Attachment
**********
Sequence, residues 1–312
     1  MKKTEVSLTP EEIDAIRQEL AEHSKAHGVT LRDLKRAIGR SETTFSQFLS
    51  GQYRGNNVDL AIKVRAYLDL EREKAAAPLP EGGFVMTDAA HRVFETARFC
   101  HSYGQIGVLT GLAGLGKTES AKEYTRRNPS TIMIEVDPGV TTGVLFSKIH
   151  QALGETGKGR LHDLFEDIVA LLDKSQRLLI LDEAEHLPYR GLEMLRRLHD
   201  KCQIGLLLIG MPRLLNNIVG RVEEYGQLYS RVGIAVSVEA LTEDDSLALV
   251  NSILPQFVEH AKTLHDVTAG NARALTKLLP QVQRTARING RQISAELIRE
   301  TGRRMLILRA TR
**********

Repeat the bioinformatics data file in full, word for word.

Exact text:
Sequence, residues 1–312
     1  MKKTEVSLTP EEIDAIRQEL AEHSKAHGVT LRDLKRAIGR SETTFSQFLS
    51  GQYRGNNVDL AIKVRAYLDL EREKAAAPLP EGGFVMTDAA HRVFETARFC
   101  HSYGQIGVLT GLAGLGKTES AKEYTRRNPS TIMIEVDPGV TTGVLFSKIH
   151  QALGETGKGR LHDLFEDIVA LLDKSQRLLI LDEAEHLPYR GLEMLRRLHD
   201  KCQIGLLLIG MPRLLNNIVG RVEEYGQLYS RVGIAVSVEA LTEDDSLALV
   251  NSILPQFVEH AKTLHDVTAG NARALTKLLP QVQRTARING RQISAELIRE
   301  TGRRMLILRA TR